Salvation can only be accepted as a gift. Honestly, this doctrine make the most sense to those who understand their own fallenness or have seen their sins unmasked. That is why, I believe, that Jesus says on the Sermon on the Mount that blessed are those who are meek and downtrodden. The criminals, prostitutes, and tax collectors of Jesus’ time understood this doctrine easily. They were the outcasts of society who were despised by people and beaten up by life. They witnessed firsthand the sins that infected their hearts, and they saw how their sins also destroyed others around them. Earning God’s love seemed like an impossibility, and jumping to the moon seemed like an easier task. When they accepted the free gift from Jesus of forgiveness and mercy, they often responded with amazed tears of gratitude at the feet of their Savior. God doesn’t want a self-righteous life of “earned salvation”—He wants a tender life of thankfulness for His loving grace as demonstrated on the cross.
Good doctrine has been replaced with existentialism in many churches today—a good “experience” of God is more important than a good understanding of God. That is truly sad. The reason is simply because trying to experience God without first understanding Him seems to me phony. And that thing that we end up worshipping turns out to be not God at all. On the other hand, if we first plumb the depths of divine personality with a sound biblical understanding of doctrine, then our worship becomes true, living, and life-transforming.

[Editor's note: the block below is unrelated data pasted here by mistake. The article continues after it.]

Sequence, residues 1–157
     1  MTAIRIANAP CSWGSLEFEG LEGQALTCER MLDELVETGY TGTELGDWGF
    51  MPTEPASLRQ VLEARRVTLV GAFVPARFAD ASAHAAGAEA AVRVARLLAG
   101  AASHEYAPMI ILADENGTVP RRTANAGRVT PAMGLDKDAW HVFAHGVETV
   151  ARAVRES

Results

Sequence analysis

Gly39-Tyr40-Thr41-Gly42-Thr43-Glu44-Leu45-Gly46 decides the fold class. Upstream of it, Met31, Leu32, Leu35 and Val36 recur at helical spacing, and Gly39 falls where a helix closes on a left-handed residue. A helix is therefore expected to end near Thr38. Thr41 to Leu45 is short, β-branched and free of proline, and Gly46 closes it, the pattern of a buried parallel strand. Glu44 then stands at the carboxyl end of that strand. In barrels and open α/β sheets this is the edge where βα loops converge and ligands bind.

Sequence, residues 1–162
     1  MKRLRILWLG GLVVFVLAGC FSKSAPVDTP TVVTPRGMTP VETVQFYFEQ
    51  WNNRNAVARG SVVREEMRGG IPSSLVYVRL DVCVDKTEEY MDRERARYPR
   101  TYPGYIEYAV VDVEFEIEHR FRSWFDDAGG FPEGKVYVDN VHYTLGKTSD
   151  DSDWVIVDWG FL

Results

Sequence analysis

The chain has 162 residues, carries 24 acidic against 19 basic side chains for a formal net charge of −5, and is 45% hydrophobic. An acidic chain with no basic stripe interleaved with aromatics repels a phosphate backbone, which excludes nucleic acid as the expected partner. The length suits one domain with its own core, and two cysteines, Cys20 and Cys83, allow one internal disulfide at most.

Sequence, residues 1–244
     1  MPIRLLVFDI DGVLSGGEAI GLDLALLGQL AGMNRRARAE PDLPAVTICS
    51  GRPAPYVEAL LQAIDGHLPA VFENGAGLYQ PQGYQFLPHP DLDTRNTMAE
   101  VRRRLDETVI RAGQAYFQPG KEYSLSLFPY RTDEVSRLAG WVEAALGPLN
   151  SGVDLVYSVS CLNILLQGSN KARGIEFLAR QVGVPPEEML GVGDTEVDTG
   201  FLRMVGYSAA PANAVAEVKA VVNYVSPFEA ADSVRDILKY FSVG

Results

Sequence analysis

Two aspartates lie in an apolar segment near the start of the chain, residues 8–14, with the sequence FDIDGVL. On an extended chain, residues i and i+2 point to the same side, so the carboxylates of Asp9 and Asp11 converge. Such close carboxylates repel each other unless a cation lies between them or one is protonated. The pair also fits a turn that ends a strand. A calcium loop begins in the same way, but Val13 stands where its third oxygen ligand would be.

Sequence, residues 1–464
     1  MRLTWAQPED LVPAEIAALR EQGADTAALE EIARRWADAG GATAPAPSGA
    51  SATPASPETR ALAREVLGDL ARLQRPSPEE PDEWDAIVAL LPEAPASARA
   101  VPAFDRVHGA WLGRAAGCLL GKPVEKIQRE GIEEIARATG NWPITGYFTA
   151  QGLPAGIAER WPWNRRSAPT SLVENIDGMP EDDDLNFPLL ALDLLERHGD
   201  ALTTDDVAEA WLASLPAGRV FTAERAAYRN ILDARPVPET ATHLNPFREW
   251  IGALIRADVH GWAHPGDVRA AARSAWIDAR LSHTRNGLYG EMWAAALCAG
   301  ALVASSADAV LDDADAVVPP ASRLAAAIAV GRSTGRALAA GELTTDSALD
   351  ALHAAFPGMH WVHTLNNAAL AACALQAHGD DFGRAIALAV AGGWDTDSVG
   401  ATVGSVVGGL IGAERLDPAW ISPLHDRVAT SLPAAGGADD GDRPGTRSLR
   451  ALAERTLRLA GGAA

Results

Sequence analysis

For example, the main consequence of “justification by faith” is that it completely and utterly redefines the purpose of life. We no longer live to earn something, instead we live out of the abundant overflow our our hearts. My motivation for living is not to gain salvation, God’s approval, or God’s love. My motivation for living is now to simply express my love and joy back to Someone who has given me a hope that I never expected or deserved! My life now becomes the tender expression of love back to the One who loved me first.
Consider this: when Jesus commands me to love God with all my being, how can I honor this request if I have to earn God’s love? Earning love seems radically different than expressing love. But, if my heart is filled with the wonder and thanksgiving about the miracle of Jesus’ completed work on the cross, then living this commandment becomes a natural outpouring of the joy within. And as G.K. Chesterton expresses so simply but profoundly: “For the Christian, joy is central!”